Judging State-Sponsored Violence, Imagining Political Change by Bronwyn LeebawJudging State-Sponsored Violence, Imagining Political Change by Bronwyn Leebaw

Judging State-Sponsored Violence, Imagining Political Change

byBronwyn Leebaw

Paperback | April 18, 2011

Pricing and Purchase Info

$33.76 online 
$34.95 list price
Earn 169 plum® points

Prices and offers may vary in store


In stock online

Ships free on orders over $25

Not available in stores


How should state-sponsored atrocities be judged and remembered? This controversial question animates contemporary debates on transitional justice and reconciliation. This book reconsiders the legacies of two institutions that transformed the theory and practice of transitional justice. Whereas the Nuremberg Trials exemplify the promise of legalism and international criminal justice, South Africa's Truth and Reconciliation Commission promoted restorative justice and truth commissions. Bronwyn Leebaw argues that the two frameworks share a common problem: Both rely on criminal justice strategies to investigate experiences of individual victims and perpetrators, which undermines their critical role as responses to systematic atrocities. Drawing on the work of influential transitional justice institutions and thinkers such as Judith Shklar, Hannah Arendt, José Zalaquett, and Desmond Tutu, Leebaw offers a new approach to thinking about the critical role of transitional justice - one that emphasizes the importance of political judgment and investigations that examine complicity in, and resistance to, systematic atrocities.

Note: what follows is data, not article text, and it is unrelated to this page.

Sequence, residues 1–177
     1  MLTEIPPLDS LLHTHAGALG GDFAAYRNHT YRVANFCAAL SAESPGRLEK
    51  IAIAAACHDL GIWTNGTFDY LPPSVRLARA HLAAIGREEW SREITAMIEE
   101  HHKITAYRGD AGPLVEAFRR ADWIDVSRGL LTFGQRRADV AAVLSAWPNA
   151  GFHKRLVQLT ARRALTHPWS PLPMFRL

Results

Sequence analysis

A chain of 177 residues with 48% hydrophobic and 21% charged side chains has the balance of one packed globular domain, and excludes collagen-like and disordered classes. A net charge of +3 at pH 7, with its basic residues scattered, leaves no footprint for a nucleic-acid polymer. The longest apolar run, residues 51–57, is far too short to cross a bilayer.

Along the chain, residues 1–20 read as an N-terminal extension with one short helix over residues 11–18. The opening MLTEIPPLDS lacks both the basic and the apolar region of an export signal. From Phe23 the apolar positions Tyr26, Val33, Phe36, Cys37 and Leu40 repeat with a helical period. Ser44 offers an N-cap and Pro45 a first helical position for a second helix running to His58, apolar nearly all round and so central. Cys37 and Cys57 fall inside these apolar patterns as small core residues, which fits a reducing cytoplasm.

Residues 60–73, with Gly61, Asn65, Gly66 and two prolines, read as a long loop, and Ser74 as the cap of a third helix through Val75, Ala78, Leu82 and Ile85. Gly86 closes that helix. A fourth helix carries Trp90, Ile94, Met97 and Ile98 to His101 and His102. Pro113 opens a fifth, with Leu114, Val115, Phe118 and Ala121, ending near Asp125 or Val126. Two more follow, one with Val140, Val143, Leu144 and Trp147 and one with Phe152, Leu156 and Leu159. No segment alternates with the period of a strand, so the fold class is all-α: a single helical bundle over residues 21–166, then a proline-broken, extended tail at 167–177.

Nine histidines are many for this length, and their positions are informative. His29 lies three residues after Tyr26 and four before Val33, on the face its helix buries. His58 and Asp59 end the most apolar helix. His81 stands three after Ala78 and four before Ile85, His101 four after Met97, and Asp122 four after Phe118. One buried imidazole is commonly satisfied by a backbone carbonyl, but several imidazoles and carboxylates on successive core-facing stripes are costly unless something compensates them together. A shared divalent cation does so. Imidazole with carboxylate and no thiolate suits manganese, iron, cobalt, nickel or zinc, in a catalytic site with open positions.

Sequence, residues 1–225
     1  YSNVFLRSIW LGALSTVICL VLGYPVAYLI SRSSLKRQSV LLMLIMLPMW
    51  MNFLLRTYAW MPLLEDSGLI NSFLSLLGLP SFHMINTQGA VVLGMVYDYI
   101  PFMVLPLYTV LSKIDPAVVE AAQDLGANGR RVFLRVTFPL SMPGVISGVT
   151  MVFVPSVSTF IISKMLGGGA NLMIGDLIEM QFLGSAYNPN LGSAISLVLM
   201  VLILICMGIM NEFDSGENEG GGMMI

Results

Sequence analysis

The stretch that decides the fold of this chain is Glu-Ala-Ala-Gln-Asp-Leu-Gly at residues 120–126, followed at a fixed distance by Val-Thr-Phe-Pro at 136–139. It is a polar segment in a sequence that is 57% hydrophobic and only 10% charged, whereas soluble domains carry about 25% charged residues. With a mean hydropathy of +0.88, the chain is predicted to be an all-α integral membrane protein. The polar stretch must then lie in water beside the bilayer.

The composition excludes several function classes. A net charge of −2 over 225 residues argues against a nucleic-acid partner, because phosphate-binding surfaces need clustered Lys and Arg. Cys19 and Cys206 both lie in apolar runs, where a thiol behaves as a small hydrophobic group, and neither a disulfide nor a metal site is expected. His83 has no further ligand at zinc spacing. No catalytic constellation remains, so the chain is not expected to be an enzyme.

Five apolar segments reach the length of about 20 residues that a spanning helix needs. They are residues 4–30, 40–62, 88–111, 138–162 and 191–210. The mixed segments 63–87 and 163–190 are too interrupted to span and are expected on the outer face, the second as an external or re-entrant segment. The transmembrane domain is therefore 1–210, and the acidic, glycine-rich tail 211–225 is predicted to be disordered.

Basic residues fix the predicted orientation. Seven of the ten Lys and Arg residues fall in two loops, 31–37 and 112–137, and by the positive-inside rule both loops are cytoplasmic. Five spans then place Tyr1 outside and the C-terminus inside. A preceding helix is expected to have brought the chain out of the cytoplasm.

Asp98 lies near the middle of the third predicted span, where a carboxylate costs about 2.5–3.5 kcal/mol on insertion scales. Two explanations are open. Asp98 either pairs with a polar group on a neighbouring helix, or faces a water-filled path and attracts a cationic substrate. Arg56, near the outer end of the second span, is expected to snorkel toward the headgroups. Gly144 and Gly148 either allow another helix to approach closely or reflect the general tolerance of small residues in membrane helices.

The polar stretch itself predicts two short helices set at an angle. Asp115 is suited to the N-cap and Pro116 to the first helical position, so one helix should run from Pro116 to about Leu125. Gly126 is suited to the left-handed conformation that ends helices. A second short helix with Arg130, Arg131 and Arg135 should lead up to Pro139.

Title:Judging State-Sponsored Violence, Imagining Political ChangeFormat:PaperbackDimensions:222 pages, 8.98 × 5.98 × 0.59 inPublished:April 18, 2011Publisher:Cambridge University PressLanguage:English

The following ISBNs are associated with this title:

ISBN - 10:0521169771

ISBN - 13:9780521169776


Table of Contents

1. Introduction: transitional justice and the 'gray zone'; 2. Human rights legalism and the legacy of Nuremberg; 3. A different kind of justice: South Africa's alternative to legalism; 4. Political judgment and transitional justice: actors and spectators; 5. Rethinking restorative justice; 6. Remembering resistance; 7. Conclusion: the shadows of the past.

Editorial Reviews

"Bronwyn Leebaw has written a superb book on a subject of fundamental importance: how we address state-sponsored violence. Her argument, built around an especially illuminating study and critique of the Nuremberg Trials and the Truth and Reconciliation process in South Africa, shows the achievements and limits of their approaches, and points to alternative strategies. Leebaw takes both institutions and their norms seriously, and her book masterfully weaves the two together to produce an account that is deeply informed by the realities of institutional settings and by the norms of justice that are bound up with them. This is a truly exceptional study!" - J. William Booth Department of Political Science Vanderbilt University